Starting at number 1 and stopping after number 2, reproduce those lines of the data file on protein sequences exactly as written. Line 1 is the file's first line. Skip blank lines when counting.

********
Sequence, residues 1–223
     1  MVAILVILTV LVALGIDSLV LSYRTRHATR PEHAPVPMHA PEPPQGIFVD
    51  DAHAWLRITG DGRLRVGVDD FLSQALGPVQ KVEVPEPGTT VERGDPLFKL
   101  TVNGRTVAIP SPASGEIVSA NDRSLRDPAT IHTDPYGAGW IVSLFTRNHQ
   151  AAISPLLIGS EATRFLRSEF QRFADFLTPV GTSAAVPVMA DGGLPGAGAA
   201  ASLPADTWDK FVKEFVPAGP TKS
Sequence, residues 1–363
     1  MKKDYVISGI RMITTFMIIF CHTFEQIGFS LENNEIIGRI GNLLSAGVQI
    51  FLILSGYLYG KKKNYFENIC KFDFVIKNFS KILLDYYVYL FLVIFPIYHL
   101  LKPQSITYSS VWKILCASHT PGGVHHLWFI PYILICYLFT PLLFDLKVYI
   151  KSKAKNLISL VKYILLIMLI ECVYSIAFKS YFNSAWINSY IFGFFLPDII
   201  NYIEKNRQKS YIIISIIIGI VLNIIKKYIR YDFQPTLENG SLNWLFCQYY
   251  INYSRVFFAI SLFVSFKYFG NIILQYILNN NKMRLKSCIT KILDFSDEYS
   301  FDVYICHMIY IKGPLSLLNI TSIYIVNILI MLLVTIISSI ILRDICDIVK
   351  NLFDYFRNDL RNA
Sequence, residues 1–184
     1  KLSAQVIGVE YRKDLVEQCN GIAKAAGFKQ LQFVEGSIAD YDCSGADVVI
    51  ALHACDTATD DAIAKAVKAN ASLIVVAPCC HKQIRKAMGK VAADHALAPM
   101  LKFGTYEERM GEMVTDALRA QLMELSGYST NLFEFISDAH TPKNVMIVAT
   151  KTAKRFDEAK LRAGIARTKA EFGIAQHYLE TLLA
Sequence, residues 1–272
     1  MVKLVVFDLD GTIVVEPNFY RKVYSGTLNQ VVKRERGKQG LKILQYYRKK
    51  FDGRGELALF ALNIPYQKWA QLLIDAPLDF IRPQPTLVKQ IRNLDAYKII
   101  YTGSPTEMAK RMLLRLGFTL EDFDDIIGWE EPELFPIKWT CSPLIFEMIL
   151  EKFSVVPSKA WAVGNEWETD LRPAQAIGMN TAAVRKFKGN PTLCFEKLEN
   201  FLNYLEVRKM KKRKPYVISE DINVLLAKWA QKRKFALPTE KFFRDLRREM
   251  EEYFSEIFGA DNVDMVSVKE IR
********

Sequence, residues 1–223
     1  MVAILVILTV LVALGIDSLV LSYRTRHATR PEHAPVPMHA PEPPQGIFVD